Wednesday, October 20, 2010

"Sweet Little Black Boy," part 3: Snark

I appreciate snark. One of my favorite friends in Los Angeles wrote a book with the word "snarky" in the title. My experience with those people who have been blessed with snark is that they are also deeply compassionate people, which I found true with the two snarkiest responses I got to our "Sweet Little Black Boy" experience.

1. "I think I would have said something like 'Oh your son is the cutest little white boy!' Nice like, with a smile." (Kristine, who I got the privilege of spending time with last year during our dreamy month in New York. The thoughts she shared with me one day over a long lunch in Hell's Kitchen rocked my world. I love this woman).

2. On the phone tonight with a new friend, an artistic and wet-your-pants funny woman with the two cutest little white kids you've ever laid eyes on, had this response to the lady in the park, "I would have said, 'Well, we are hoping he grows up to be the ambassador of his race'."

If only my brain worked so quickly...


Anonymous said...

I'm sure glad he is our boy! You are doing a great job with him, Honey.

Kristi said...

Lori….I have read through the last few posts about the comment in the park about Abe. My initial thought was “ Abe is an adorable, sweet, beyond- cute- boy who is also black”…I really don’t think that woman meant anything mean by it. I think it is hard to always say the right thing and to make sure that you aren’t offending anyone. As a white woman who is married to a Filipino husband and has 3 kids that look nothing like her….I have a little experience with an interracial family. We tend to have a sense of humor about it. When the girls were little people always thought I was the nanny. When I first got married some of my family referred to my husband’s side as “Oriental” and we had to tell them that refers to food or stuff…the correct thing would be Asian. They didn’t know….they grew up in a white town.
When Wayne is someplace with the kids and not me…other Asian people can tell that our kids are “mixed” and will say, “Is your wife American?” like he and the kids aren’t…..we just laugh at it. Even they don’t know how to phrase it?
Wayne’s parents were raised in Hawaii where there is every time of person and every mix of person. They call me a Haole(a white person from the main-land) even though Wayne was raised in Chicago.
I know my situation is different from yours….just wanted to give my 2 cents 

Claudia said...

okay, that second one just made me laugh so hard I nearly passed out. I am SO TOTALLY BORROWING that. You know, in my imaginary life, where I actually say things like that :)

Jenny said...

Not that I would be gutsy enough or remember to say it, but I'm totally stealing the "ambassador of his race" line!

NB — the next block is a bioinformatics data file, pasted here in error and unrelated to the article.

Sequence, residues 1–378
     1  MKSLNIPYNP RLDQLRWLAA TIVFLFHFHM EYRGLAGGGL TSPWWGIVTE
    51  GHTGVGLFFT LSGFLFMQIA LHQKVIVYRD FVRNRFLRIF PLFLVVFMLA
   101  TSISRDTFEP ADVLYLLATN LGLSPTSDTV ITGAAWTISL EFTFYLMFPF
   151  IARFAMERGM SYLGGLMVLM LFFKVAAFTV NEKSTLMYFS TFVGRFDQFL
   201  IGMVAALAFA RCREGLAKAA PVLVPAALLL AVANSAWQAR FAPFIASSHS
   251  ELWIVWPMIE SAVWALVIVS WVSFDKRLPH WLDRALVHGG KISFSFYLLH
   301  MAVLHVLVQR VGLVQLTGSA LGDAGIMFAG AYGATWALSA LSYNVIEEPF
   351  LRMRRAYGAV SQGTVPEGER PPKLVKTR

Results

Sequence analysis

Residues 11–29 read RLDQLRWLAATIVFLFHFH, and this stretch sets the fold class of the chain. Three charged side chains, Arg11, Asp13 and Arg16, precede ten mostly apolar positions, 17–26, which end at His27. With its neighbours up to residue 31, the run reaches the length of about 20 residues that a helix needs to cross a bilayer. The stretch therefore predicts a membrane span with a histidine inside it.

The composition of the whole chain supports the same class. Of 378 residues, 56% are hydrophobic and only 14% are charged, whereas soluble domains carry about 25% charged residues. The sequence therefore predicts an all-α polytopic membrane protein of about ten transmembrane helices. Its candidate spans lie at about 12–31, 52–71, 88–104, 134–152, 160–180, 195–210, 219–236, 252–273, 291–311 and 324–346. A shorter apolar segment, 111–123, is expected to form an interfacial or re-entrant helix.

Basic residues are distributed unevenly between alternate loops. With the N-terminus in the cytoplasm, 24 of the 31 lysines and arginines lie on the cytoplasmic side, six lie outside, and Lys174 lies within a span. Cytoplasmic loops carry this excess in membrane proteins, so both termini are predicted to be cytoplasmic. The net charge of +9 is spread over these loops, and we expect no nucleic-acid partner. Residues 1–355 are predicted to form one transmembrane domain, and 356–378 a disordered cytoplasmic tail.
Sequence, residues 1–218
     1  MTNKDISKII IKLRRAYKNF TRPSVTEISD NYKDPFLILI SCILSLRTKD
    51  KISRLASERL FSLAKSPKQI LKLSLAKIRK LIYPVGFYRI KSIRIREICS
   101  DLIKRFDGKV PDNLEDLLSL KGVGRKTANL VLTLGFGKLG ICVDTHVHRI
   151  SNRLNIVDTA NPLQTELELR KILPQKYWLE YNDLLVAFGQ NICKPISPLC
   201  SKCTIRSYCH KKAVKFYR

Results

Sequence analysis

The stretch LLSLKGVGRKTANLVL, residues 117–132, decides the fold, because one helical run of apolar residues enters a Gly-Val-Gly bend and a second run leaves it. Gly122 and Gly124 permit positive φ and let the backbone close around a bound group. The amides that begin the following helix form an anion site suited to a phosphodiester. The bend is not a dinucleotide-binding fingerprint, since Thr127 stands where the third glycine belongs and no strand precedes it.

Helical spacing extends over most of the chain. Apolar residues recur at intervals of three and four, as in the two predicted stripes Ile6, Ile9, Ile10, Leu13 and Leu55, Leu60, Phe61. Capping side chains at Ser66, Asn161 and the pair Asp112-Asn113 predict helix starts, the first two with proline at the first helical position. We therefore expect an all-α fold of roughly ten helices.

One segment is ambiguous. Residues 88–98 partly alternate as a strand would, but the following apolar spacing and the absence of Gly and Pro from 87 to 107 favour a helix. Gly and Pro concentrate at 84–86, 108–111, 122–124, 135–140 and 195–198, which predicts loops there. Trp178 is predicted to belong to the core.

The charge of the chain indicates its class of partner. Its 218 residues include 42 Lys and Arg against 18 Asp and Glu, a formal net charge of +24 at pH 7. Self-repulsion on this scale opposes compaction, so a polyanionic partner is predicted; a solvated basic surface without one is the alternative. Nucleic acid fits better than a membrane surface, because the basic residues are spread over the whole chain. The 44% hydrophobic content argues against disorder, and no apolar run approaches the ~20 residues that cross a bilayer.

Christine said...

I love snark, too. Love the ambassador comment, love it!

Nicholas said...

I've been following this story. And honestly can't respond b/c it would take up your whole blog! Snark. Not enough in this world. SO many times I wish I could go back to a time when a comment was made and change my response/reaction. Especially to "how much did you have to pay for her, how nice of you". Yeah. Nice. I was at least so boiling that my expression surely said it all to her. Great posts Lori!

lindyyoung said...

Ah, I don't know. Snark is something you're born with, but if you're not, and you use it anyway, you can just give yourself a pit in your stomach for the next week, wondering if I overreacted/if my response made people feel unnecessarily shitty. Or, I do, anyway. ALthough, I do love those snarkers in your life! Those were very good answers.

I have read with interest these posts (as I do all your posts). Everyone, unfortunately, has a story like this, and that's a hard, sad thing. The one thing I try (TRY) to do in life is to speak my truth with love or compassion or maybe someday I'll even manage grace. Especially about stuff like this.

Katy at Straight Magic posted a few weeks ago about an experience more sinister and threatening, and she said everything she ever thought she would say just went out the window, she just walked away.

An African-British woman I know has told me amazing stories about how she has handled racism, she has incredible grace and stays calm thus mentally agile, and she's a wonderful role model for her son. THe problem is, with "moms like us" (white moms), whatever grace we can even manage will always walk a crooked line; we will never, no matter what, we'll never be black. We'll never be 100% able to wrap our heads around what reality is to our children. And that is breathtaking and horrifying and scary, too, and these comments give us glimpses into it.

kn said...

Thanks sweet woman. I so needed that. It made me choke up really.

One thing that comes up often which surprises me is the speakers intent. Intent is often a mute point where racist comments are concerned. It doesn't really matter to my preschooler that all the wonderful people at his preschool were really sweet dumb as...who said racist things and not really mean dumb as.... who said racist things. The racist statements still made him uncomfortable in his own skin. That's the point, his feelings not the speakers.

And when you are talking black males and black male children the racism is backed up with such strong images from the media of boogie men and worse, you do need to fight it when ever you can.

But always with grace and humor (and yes snarkiness can be learned) just hang around with some of your black friends and you'll pick it up. After all they deal with it day in and day out and you won't find people with a better sense of humor.

Thanks again. One day I'll have to come to the west coast and we'll relive the day.